Now we've added a hard disk to our system, we can start configuring OMV, but before we dive in, there's one thing we must do first: set the system time.
Unfortunately, the bPi doesn't have a battery-backed clock, so when you turn it on, it will have no idea what time it is. For now, we'll set the time in the System/Date & Time page of the web admin interface, and we'll address later the issue of how to do this automatically when the bPi boots up.
I added a taka user account earlier and this will have read-only access to the NAS, but I also want another special user account that will have write access.
So, I create a taka-w user in the same way as before, and we'll give it write access in the next section.
Creating shared folders
Go to the Access Rights Management/Shared Folders tab in the web admin interface and click on the Add button. Give the new shared folder a name, choose where you want it to live, then set the permissionsHow OMV permissions work is described in more detail here. as follows:
- Administrator = read/write
- Users = read-only
- Others = no access
This gives OMV users read-only access to the shared folder, so in order to give the taka-w user write access, click on the ACLAn "Access Control List" is a more precise set of user permissions that can be set on a file. button and configure things as follows:
- In the User/Group permissions section:
- Find the taka-w user and give it Read/Write access.
- In the Extra options sectionYou might think that because I'm just storing music in this folder, I won't need Execute permissions, which is correct for files, but in Linux, you need Execute permissions on a directory to be able to look into it. If you don't assign Execute permissions here, you won't be able to open any directories!:
- The Owner should be root, and have Read/Write/Execute access.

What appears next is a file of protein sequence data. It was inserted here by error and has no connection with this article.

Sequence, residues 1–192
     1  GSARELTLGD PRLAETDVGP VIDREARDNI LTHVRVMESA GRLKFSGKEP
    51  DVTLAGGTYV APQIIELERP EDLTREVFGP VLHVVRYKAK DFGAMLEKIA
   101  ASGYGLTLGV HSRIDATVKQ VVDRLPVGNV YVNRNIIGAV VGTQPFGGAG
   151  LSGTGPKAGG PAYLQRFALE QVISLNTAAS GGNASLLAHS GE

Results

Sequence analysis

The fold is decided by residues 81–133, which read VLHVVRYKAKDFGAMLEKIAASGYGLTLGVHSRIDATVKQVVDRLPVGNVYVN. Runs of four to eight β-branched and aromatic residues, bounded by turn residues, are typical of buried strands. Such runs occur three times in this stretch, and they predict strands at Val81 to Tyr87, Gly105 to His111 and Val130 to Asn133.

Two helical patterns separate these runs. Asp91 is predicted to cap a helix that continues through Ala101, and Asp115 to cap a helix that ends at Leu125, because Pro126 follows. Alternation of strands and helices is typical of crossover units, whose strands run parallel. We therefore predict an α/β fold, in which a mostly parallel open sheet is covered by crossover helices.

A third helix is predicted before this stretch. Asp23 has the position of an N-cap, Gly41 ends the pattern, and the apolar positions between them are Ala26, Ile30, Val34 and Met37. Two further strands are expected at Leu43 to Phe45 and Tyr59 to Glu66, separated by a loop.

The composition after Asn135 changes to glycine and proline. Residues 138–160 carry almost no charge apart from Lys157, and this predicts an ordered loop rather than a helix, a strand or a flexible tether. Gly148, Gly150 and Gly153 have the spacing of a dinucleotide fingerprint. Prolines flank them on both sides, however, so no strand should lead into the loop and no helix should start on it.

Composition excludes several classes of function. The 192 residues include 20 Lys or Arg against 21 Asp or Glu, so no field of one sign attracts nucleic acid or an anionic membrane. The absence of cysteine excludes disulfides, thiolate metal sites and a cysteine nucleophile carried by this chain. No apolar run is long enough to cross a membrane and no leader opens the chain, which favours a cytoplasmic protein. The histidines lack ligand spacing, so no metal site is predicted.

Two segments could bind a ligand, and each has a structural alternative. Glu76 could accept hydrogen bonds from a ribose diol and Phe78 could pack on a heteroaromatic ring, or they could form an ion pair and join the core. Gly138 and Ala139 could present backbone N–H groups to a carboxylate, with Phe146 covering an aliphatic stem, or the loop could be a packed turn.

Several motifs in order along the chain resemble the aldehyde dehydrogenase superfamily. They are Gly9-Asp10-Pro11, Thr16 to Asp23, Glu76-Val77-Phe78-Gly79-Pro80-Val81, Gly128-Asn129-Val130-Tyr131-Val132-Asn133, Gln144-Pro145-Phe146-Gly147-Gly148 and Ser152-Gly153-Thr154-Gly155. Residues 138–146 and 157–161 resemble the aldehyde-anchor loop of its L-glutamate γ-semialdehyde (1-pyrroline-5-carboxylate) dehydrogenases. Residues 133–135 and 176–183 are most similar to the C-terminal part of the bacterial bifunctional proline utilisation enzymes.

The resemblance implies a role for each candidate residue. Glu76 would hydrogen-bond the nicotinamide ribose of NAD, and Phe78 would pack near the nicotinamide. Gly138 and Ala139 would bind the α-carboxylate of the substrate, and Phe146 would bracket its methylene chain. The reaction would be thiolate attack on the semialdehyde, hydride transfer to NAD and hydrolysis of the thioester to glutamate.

- The Group should be users, and have Read/Execute access.
- Others should have no access (i.e. None).
Make sure Replace all existing permissions and Apply permissions to files and subfoldersThis is not strictly necessary right now, since we just created the folder and so it's empty, but if you do this later, you will want these permissions to be applied to everything in the folder. are ticked, then click on Apply.
We now have a shared folder that can be read by the taka user (and any other user you add to OMV), and can be written to by taka-w. If we take a look at our drive, we can see OMV has created the folder at the top of our file system:
Creating convenience symlinks
It's a bit tedious having to use the really long folder name in /media/ every time you want to access your files (even with auto-completion), so, while not strictly necessary, I like to set up symlinks that give me more convenient access:
I can now access the new music shared folder via the more convenient /shares/music/.
First, enable the Samba service in the Services/SMB/CIFS section of the web admin interface.
Uploading files to the NAS
In the previous section, I gained access to the shared folder from Windows, but if I try to drag a file into it, I get a "You need permission to perform this action" error. This is because I'm logged in as takaMy Windows account is called "taka", and so by default, I will connect to Samba using the same name., which only has read access to the folder. To be able to upload files, I need to connect to Samba using the special taka-w account.
- Right-click on the folder and choose Map network drive...
- Tick Connect using different credentials.
I'm now connected to Samba via Q: drive, as the taka-w user, and can upload, change or delete files.
When you're done, close the connection by right-clicking on the folder and choosing "Disconnect", or from the console:
net use q: /d
|« Adding a new hard disk to Open Media Vault||Tutorial index||Managing permissions in Open Media Vault »|
|↵1||How OMV permissions work is described in more detail here.|
|↵2||An "Access Control List" is a more precise set of user permissions that can be set on a file.|
|↵3||You might think that because I'm just storing music in this folder, I won't need Execute permissions, which is correct for files, but in Linux, you need Execute permissions on a directory to be able to look into it. If you don't assign Execute permissions here, you won't be able to open any directories!|
|↵4||This is not strictly necessary right now, since we just created the folder and so it's empty, but if you do this later, you will want these permissions to be applied to everything in the folder.|
|↵5||This is a system service that lets Windows access files on a Linux computer.|
|↵6||My Windows account is called "taka", and so by default, I will connect to Samba using the same name.|